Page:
One way the Earth's core could heat the oceans is by undersea volcanoes. We can do a quick calculation that it would take around a half-million undersea volcanoes equal in size to the one at Mount Saint Helens in 1980 every year to account for the warming the oceans have seen since 1955. Even if the calculations are off by a factor of ten, it would take around five thousand such volcanoes every year just to account for ten per cent of the warming. And, there would have to have been no volcanoes before 1910. So undersea volcanoes aren't a major factor.
Another possibility is the extrusion of magma into the oceans at the edges of separating tectonic plates. But the USGS has found that the rate tectonic plates have been moving hasn't changed in the last thirty years from what it's always been.[source] So magma doesn't explain the recent warmup.
As is the case for natural particulates and aerosols, artificial particulates and aerosols have a cooling effect by reflecting sunlight and by causing clouds to form. The temperature graph shows a sharp drop around 1940 until almost 1950, then a slow rise until 1980 or so, and after that a sharp rise. That fits with our expectations: industrial production increased radically during the war. Virtually no attention was paid to the resulting pollution. The postwar period experienced some relaxation in both production and pollution. About 1970, serious efforts were started to control particulate emissions from fossil-burning power plants, and the temperature graph clearly shows that global warming accelerated.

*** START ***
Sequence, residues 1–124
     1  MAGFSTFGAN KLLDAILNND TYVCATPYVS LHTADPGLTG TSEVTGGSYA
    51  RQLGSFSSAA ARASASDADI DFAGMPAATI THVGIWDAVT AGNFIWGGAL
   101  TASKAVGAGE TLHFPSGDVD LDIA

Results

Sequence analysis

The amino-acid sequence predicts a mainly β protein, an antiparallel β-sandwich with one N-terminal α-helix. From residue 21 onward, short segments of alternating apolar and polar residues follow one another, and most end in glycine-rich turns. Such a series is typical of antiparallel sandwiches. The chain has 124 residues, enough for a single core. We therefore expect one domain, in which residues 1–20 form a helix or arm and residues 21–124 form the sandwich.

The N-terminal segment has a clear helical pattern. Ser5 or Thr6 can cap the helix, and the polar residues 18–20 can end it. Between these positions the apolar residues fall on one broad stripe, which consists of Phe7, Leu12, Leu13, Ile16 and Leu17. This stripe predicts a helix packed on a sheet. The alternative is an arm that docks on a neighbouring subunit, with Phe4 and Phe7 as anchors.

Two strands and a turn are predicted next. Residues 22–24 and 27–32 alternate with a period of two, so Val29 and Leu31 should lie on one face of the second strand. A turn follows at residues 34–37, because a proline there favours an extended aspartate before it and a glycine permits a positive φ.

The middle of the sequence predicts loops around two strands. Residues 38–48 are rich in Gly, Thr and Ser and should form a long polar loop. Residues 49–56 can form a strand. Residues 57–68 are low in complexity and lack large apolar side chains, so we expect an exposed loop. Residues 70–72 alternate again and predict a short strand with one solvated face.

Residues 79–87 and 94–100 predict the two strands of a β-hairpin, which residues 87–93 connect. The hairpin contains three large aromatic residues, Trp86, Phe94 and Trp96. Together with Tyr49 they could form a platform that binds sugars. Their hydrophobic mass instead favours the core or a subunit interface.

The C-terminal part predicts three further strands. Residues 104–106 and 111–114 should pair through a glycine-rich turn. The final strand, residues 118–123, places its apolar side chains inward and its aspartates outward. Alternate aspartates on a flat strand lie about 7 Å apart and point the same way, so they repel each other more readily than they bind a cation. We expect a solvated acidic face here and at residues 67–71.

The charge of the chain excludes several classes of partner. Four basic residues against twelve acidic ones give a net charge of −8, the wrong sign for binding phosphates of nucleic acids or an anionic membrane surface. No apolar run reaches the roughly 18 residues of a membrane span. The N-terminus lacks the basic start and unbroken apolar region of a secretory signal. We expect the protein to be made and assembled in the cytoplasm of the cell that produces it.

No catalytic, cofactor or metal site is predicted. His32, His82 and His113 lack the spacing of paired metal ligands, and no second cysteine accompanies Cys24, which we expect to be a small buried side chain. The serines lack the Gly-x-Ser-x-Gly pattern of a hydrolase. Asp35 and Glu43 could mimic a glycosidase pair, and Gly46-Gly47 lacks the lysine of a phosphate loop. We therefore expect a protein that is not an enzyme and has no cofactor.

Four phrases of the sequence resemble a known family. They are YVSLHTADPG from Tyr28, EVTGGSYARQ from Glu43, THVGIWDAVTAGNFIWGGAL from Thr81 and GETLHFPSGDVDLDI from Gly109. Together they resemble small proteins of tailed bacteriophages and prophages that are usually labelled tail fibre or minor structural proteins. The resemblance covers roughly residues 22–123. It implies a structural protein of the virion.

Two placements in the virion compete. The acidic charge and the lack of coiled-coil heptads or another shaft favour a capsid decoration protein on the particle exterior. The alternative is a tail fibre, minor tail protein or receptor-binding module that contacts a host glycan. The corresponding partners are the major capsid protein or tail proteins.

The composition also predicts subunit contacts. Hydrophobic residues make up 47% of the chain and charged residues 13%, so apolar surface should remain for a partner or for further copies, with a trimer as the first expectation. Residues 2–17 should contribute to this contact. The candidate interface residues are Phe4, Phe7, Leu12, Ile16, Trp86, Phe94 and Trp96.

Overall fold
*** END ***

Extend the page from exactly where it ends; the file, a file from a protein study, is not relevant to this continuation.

There are a lot of these that can be important: carbon dioxide, methane, and nitrous oxide are the most dominant. We need to consider their emission rates in order to compare their relative importance in the changing of the global average temperature.
The US Department of Energy has estimated their yearly emission rates and ranks them this way (2005 data [source]). Global data comes from IPCC's report for 2001[source]. All the rates are in million metric tons per year. These numbers are calculated, but show more precision than they should. Nonetheless, they show relative magnitudes.
|US||US (CO2 Equiv)||World||World (CO2 Equiv)|
Clearly, CO2 is the most important artificial greenhouse gas in respect to changing temperature. The present CO2 content of the atmosphere is 3,036,000 MMT, so the emissions amount to almost 1% of what's presently in the atmosphere. The CO2 concentration is rising roughly 0.5% per year, so about half is staying in the atmosphere and the other half is going somewhere else, mostly into the ocean. We have some measured CO2 concentration data taken from ice cores.[source]
This is our smoking gun. The CO2 concentration has risen from less than 300 parts per million all the way up to 383 ppm in 2007. Of all the factors affecting global average temperature, it's the only one that's been increasing since 1980, so it's the only one that can explain the temperature rise during that time.
What is especially troubling is that, before 1850, CO2 concentration has not exceeded 290 ppm in over 400,000 years.[source]
That's not to say that we can ignore the other greenhouse gases, but controlling CO2 emissions is essential to limiting global warming.
The evidence shows that solar activity and aerosols can influence global temperature. Before 1900, when greenhouse-gas concentrations were below 300 ppm, solar activity seems to have been the main driving force. Since then, greenhouse gases have become the main driving force.